The country, culture, or political system doesn't seem to matter. No matter where you go, you find a consistent pattern of incompetence--if not outright corruption--in child protection agencies. This case, which we have reported on before, is from the UK. Despite the fact that dad CHRIS GRADY had threatened the mother before--"If I can't have the kids, then you ain't"-- authorities failed to detect an abuser with a control freak custody agenda. So while the bureaucrats bumbled and stewed, Daddy continued to have child access--which he exploited in an attempt to murder the kids by driving his car into a river. The daughter died, but the son somehow escaped.
Review highlights failings in Grady caseNigel Slater
10 October. Updated: 10 October 17:18
A DAMNING review has revealed there were 'significant missed opportunities' to assess the vulnerability of two Evesham children who were driven into a freezing river by their father.
Although the names have not been revealed, the findings of the Worcestershire Safeguarding Children Board published on Monday (October 10) relate to the case involving Chris Grady and his two children Gabby and Ryan.
Gabby died three days after the incident in February 2010 which saw Grady drive his car into the River Avon, he escaped as did Ryan.
A serious case review, set up when a child or young person has died or been seriously injured, has found that threats made to the children by Grady months before the incident were not treated with 'sufficient seriousness'.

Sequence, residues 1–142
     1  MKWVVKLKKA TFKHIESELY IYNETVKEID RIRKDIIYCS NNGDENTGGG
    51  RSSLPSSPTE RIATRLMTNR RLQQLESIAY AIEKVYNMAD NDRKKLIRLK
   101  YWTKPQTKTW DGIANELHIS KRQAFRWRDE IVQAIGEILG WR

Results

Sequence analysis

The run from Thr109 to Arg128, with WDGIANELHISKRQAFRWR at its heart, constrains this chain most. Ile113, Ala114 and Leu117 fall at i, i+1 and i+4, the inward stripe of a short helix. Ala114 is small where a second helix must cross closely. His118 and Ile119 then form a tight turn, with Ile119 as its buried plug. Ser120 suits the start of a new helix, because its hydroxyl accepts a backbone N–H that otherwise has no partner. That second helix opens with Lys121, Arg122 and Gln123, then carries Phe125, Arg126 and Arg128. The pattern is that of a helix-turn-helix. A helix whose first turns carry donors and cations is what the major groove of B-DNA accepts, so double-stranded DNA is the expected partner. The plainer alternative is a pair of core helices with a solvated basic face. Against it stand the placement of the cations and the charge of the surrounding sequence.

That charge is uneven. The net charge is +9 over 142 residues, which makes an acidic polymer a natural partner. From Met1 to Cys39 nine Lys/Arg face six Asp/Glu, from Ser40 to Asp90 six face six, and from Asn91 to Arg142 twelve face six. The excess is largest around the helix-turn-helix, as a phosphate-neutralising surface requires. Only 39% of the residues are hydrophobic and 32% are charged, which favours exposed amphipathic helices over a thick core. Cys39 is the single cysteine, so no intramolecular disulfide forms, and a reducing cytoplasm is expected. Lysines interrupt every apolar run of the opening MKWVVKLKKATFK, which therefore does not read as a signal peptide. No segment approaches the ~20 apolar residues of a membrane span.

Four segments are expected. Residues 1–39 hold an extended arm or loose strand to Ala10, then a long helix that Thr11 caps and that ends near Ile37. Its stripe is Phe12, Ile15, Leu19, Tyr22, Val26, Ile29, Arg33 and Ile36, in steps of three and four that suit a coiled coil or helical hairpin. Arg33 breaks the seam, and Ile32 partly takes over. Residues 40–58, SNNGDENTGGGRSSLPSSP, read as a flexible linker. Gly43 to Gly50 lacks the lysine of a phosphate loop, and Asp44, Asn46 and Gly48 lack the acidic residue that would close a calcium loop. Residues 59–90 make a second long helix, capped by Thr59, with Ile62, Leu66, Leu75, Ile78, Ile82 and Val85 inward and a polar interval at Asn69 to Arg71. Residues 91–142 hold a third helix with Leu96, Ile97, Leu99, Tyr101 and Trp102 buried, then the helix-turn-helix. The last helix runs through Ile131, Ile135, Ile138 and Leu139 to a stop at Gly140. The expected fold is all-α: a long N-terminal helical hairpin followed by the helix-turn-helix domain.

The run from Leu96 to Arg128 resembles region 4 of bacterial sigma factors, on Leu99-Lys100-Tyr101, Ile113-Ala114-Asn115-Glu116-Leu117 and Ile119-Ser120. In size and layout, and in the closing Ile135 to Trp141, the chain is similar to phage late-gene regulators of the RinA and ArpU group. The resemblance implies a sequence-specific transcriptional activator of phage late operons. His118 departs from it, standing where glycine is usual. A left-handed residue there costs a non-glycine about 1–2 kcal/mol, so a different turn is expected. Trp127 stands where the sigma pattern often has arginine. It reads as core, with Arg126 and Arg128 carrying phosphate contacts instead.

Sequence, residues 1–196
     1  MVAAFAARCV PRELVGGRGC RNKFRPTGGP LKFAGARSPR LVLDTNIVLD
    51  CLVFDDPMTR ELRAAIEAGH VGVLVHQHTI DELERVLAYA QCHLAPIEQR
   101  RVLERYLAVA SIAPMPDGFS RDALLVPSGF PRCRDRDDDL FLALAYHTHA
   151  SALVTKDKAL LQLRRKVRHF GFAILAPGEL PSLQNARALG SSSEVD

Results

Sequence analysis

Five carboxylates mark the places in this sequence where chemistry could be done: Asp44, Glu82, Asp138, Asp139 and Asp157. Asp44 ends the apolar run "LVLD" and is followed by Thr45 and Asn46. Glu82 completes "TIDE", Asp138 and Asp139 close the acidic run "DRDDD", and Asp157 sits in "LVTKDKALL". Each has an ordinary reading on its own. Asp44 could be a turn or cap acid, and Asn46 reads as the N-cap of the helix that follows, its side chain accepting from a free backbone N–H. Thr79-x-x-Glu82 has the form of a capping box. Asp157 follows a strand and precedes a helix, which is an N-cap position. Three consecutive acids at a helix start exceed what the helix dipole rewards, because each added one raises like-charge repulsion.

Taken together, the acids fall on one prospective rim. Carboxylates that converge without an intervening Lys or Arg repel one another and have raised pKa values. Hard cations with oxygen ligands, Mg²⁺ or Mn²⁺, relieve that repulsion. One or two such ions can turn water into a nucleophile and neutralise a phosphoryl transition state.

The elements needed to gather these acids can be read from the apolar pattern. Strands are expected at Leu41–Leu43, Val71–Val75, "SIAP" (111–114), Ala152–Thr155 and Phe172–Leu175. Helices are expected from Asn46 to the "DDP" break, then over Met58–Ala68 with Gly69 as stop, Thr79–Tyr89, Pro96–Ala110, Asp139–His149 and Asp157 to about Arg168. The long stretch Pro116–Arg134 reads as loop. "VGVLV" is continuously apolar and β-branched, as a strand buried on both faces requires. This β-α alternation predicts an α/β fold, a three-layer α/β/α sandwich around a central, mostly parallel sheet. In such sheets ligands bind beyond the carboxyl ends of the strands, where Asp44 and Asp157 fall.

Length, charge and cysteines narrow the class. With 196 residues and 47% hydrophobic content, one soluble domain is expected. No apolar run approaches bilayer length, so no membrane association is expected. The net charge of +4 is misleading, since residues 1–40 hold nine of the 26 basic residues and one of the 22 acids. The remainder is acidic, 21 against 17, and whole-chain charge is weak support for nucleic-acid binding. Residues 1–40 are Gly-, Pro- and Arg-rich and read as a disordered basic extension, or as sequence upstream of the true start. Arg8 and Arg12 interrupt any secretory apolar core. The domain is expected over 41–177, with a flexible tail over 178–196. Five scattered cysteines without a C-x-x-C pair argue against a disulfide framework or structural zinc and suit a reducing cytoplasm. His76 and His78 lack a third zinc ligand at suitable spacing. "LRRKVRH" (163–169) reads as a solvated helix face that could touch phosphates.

During his trial earlier this year, the court heard that Grady told the children's mother Kim Smith during an argument: "If I can't have the kids then you ain't.''
Miss Smith called the police but the review revealed there was a delay in conducting necessary assessments of the children's safety and therefore normal procedures were not followed.
Agencies and professionals tended to work in isolation and there was a significant lack of information sharing, including knowledge about the parents' circumstances and any mental health and alcohol related issues, the review found.
Hilary Thompson, Independent Chair of the Worcestershire Safeguarding Children Board, said: "Our thoughts continue to be with this family. This was a devastating event for the family including for a surviving child.
"It is important that we learn from this case in order to better equip professionals to intervene and protect children where that is possible.
"It is possible that the events would have happened whatever intervention had been made at the time if the father was in a state of mind where he was determined and committed to the course of action.
"The recommendations focus on tighter procedures, better training, early and robust information sharing and better engagement of some key professionals in the child protection system," she added.